Every week, we scour Kickstarter, Indiegogo and more to find the best crowdfunding projects around so you know which ones to consider backing – and what to definitely avoid.
This week’s pick is The Wolfe, a device that gives your laptop the same processing power as a desktop computer. And our ‘one to avoid’ is an Apple knock-off that’ll have Cupertino’s lawyers rubbing their hands with glee.
What is The Wolfe?
It’s a box containing more processing power than you can shake a mouse at. Plug it into your laptop, and you can play high-end games, experience virtual reality, and do any high-speed rendering as if you were playing with the power of a pricey desktop PC.
Technically, it’s what’s known as a GPU (Graphics Processing Unit). This is the part that focusses on gaming and 3D rendering, as opposed to the CPU (Central Processing Unit), which is more the “brains” of your computer.
It comes in two versions. The Wolfe uses an Nvidia GTX 950 GPU – that has 768 cores working at 1,024MHz, giving it a computing power of 1.57 TeraFlops. And The Wolfe Pro runs on an Nvidia GTX 970, giving you 1,664 cores operating at 1,050MHz, resulting in a whopping 3.49 TeraFlops. That’s as much power as a top-end Mac Pro, and that’s on top of your laptop’s existing GPU. Beefy.
The Wolfe works with both Windows and macOS, so you should be able to use it whether you’re a laptop or MacBook owner.
Why is it interesting?
It basically turns your laptop into two computers. When you need the extra grunt, plug it in and it’ll give you the power of a desktop. But, if you nip out and only need to work on a document, just leave it at home, taking only your feather-light laptop with you.
Hey presto! Your laptop has desktop power when you need it, and is a light and portable computer when you don’t.
Of course you can take it with you if you like. It’s a little smaller than a shoebox, and weighs 908g, which is less than a MacBook Air. So it should fit in your bag without too much trouble.
It also makes virtual reality a lot more accessible. Until now, VR has only been possible on a pricey desktop computer, but plug The Wolfe into your laptop, and it has the grunt necessary to render virtual worlds. Sling a headset in your bag, and you’ve got VR experiences on the go.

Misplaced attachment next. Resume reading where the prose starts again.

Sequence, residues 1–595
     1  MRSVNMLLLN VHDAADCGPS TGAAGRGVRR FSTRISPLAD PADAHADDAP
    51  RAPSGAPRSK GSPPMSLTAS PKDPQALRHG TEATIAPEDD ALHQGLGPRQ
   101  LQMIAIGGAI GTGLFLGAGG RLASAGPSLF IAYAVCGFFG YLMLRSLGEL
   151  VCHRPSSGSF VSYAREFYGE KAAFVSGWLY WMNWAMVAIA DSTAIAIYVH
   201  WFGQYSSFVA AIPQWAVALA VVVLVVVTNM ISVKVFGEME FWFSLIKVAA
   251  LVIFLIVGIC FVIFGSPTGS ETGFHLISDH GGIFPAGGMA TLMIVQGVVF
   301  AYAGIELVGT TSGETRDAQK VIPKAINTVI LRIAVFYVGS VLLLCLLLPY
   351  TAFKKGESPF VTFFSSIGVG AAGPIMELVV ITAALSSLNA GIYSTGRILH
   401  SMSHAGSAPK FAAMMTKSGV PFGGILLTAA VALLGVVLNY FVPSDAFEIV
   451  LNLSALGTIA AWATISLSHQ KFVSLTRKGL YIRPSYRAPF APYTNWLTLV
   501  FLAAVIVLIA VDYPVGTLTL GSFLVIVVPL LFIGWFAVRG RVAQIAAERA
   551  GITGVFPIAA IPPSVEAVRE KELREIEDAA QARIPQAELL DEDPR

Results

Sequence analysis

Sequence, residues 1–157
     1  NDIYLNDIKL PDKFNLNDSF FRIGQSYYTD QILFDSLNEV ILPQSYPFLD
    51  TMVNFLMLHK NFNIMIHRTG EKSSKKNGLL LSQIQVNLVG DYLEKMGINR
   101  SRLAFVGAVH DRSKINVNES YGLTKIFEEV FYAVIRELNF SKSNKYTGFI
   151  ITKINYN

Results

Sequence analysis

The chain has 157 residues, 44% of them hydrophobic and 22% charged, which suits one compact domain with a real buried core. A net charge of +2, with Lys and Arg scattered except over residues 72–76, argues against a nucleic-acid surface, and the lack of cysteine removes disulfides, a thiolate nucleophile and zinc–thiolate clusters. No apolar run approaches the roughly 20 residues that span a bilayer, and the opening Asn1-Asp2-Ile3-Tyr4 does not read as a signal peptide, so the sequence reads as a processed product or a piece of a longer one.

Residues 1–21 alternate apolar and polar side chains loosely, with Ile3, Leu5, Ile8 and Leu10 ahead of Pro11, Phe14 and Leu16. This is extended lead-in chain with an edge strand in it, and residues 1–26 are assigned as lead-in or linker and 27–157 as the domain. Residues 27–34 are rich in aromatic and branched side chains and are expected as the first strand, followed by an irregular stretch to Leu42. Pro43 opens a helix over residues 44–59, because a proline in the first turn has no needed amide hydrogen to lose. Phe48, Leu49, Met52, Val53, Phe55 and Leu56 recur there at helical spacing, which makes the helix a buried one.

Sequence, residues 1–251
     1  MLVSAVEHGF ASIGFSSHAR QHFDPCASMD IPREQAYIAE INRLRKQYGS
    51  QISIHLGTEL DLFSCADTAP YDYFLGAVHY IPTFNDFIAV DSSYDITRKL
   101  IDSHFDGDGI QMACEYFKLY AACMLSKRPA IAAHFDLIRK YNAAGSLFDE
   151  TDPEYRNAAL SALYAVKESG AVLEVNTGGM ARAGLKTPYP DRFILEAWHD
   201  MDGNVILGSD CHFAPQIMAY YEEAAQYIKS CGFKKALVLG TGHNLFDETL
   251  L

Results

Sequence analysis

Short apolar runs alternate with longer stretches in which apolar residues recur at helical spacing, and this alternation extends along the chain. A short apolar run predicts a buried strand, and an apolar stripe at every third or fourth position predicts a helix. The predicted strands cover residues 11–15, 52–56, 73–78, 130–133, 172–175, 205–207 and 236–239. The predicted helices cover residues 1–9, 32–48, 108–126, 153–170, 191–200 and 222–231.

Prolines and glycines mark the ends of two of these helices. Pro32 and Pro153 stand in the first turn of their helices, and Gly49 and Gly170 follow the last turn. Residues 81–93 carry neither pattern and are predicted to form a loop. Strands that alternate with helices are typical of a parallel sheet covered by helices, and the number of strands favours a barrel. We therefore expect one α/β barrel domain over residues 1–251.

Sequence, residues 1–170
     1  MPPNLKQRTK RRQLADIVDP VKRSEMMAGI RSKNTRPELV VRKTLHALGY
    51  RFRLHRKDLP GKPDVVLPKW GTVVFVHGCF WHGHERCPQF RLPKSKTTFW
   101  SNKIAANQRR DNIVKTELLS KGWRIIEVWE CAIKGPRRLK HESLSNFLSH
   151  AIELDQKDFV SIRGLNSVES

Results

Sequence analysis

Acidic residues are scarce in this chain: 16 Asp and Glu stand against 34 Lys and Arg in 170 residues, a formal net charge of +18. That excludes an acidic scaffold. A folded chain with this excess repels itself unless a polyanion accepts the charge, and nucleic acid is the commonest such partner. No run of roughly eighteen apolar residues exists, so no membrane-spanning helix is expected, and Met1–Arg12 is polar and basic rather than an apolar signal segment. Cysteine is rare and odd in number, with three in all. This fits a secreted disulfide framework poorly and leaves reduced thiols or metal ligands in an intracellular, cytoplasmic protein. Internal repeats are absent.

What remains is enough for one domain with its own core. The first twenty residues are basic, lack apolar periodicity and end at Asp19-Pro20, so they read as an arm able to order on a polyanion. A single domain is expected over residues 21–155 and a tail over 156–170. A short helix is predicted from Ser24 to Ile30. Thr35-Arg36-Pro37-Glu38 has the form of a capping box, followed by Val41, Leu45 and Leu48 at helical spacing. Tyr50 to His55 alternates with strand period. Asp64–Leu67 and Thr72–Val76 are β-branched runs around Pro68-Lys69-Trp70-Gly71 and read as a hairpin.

It’ll also be a boon to anyone demoing their VR software. Instead of making people come to them, or making sure they have a sufficiently powerful PC, they can take VR to any office.
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With VR headsets still prohibitively expensive, this could be the shot in the arm that virtual reality needs to go mainstream.
. And it lets creative professionals using graphics programs work faster and more efficiently than ever.
What are the challenges?
As ever with crowdfunding sites, you support a project at your own risk. There’s no guarantee a project will succeed, or even get off the ground. So bear that in mind before you cough up your dosh.
Manufacturing any product is tricky, but Wolfepack has sought to minimise the risk by partnering with Dragon Innovation – the firm that helped bring the Pebble smartwatch and Makerbot 3D printer to market. Dragon has helped asses production costs and economies of scale, so – fingers crossed – it should all go smoothly.
However, Wolfepack does note that high demand could cause delays. Seeing as the project has smashed its funding goal many times over, it could be a victim of its own success.
Is there anything similar available?
Very similar to The Wolfe is the Razer Core. Allowing you to use full-length, double-wide PCIe desktop graphics cards, Razer’s external graphics enclosure attaches to your laptop via Thunerbolt 3 (USB Type-C).
You have to buy the graphics card separately from the enclosure itself, but it comes with additional I/O ports such as 4 USB 3.0 connections and Ethernet. Plus, it features a little handle, which makes it a bit easier to carry around.
It’ll only work with Thunderbolt 3 ports however, so it makes Mac compatibility a bit tricky, though the expected MacBook Pro update could introduce the connection. The Wolfe is available in Thunderbolt 2 and 3 flavours, though future versions will only use Thunderbolt 3.
Should I crowdfund this?
If you like the idea of VR on the go, better gaming on your laptop and more power to play with, then yes.
Read more: Worst crowdfunding campaigns
The $399 (£302) early birds are sold out, but you can pick one up for $449 (£340), or $599 (£453) for the Wolfe Pro. That’s a hell of a lot cheaper than some of the top-end gaming laptops and PCs you’ll need to invest in if you want to run the Oculus Rift or HTC Vive.
Shipping will start in March (or February for anyone lucky enough to have nabbed an early bird).
And one to avoid this week…
Pear Inc. Start-up Company. Does that logo look familiar? We thought so. Pear’s motto is: “The only thing that is permanent if [sic] change. Our focus is to create tools for the mind that advance human kind.” Such as? It doesn’t say. And what has it done in the past? Again, there’s no mention.
We assume it’s a joke. But even so, it looks like a lawsuit waiting to happen.
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Will you be investing in the Wolfe? Let us know in the comments.